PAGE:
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Improved ICU risk prediction modelling using a multivariable fractional polynomial approach


Mortality risk prediction models are used worldwide as a means of benchmarking ICU quality. Most models use logistic regression, with a cardinal assumption being linearity in the relationship between continuous predictors (for example, blood pressure) and the log odds of outcome (death). However, such linear relationships rarely exist in clinical practice. Several new statistical methods are available that allow nonlinear modelling for continuous predictors. We have applied one such method, multivariable fractional polynomials (MFP), to a paediatric ICU risk score (PIM2), to investigate whether this would improve the performance of PIM2.


All admissions to a single paediatric ICU over a 6-year period (2000–2006) were examined (n = 7,472, deaths = 380). PIM2 comprises 10 variables, of which three are continuous (base excess, systolic blood pressure, and FIO2/PO2); these were examined via a customised MFP macro [1] using SAS 9.1.


Application of the MFP approach resulted in improved model discrimination (c statistic = 0.843 versus 0.835 for the standard model), as well as excellent fit (Hosmer–Lemeshow P = 0.71). The MFP algorithm demonstrated a nonlinear relationship for all three continuous predictors, which also altered between the univariable and multivariable logistic models (Figure 1). A hitherto unsuspected interaction between blood pressure and 'high-risk' diagnostic category was revealed. Bootstrapping showed that similar nonlinear relationships were preserved across a range of datasets.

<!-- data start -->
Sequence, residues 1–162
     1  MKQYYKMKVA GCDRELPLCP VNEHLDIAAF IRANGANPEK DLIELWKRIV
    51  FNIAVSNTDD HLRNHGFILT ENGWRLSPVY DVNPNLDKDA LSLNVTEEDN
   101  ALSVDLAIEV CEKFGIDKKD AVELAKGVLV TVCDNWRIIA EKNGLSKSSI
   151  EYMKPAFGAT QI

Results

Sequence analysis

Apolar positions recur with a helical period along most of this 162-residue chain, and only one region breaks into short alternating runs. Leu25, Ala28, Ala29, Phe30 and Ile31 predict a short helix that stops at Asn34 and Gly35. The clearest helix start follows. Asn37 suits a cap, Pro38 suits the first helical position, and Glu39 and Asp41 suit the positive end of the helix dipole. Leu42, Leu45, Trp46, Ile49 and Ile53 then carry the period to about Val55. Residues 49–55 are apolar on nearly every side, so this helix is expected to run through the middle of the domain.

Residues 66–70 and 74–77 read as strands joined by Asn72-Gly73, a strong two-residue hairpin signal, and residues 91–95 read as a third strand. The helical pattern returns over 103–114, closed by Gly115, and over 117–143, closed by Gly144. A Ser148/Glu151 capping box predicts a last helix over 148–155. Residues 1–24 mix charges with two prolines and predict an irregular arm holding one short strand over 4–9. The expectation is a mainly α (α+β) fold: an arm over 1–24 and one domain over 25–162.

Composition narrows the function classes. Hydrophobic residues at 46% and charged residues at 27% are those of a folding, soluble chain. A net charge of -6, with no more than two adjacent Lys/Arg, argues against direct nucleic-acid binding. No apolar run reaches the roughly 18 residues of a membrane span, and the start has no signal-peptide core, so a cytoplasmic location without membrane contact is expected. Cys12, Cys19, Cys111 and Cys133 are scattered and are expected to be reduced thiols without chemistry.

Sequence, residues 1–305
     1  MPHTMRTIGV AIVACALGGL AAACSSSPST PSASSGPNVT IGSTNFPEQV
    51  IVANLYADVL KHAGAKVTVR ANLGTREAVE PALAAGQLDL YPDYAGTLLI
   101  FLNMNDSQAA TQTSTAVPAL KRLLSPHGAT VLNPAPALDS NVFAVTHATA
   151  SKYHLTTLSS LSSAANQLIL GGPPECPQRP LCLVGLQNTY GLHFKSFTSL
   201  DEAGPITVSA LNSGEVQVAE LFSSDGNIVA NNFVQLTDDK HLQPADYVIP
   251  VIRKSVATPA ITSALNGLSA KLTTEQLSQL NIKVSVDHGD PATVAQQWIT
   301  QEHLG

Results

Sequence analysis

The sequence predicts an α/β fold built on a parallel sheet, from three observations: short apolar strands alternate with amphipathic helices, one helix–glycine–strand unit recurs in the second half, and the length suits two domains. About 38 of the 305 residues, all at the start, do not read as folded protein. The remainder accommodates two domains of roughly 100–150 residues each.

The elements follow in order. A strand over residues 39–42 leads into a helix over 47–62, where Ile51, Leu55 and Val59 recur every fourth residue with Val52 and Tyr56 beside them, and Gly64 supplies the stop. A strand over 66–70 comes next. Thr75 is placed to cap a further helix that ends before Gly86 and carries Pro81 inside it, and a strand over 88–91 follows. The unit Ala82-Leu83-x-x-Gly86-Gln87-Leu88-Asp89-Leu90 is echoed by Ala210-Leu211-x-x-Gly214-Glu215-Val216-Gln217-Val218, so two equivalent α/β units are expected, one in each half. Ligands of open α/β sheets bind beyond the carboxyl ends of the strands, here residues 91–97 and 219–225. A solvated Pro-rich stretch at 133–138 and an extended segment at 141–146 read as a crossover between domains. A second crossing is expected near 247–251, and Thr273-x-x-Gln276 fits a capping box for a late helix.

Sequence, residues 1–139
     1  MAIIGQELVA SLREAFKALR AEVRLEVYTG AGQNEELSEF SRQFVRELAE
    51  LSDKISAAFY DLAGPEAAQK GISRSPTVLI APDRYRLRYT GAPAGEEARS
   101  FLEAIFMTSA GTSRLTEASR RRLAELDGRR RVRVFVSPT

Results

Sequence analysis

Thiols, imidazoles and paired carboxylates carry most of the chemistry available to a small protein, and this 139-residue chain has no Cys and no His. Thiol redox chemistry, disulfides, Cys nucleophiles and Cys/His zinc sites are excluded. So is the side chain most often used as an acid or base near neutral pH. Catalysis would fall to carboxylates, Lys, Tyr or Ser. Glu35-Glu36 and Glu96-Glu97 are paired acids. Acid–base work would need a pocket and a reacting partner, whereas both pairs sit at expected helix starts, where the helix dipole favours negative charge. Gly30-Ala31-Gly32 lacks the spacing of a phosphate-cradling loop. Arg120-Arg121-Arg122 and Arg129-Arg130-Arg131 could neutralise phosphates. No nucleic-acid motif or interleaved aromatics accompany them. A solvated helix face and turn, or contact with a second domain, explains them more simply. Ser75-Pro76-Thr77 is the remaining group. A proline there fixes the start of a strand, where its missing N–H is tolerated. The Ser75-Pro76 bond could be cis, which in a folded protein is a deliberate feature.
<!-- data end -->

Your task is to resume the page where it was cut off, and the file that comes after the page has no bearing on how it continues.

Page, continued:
Figure 1
figure 1

Univariable (left) and multivariable (right) risk profile for base excess.


The MFP approach offers several advantages over linear modelling, both in model fit and a better elucidation of risk profiles for individual predictors. This requires confirmation in a national dataset.


  1. Multivariable Fractional Polynomial Approach[]

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Tibby, S., Durward, A. Improved ICU risk prediction modelling using a multivariable fractional polynomial approach. Crit Care 12 (Suppl 2), P486 (2008).

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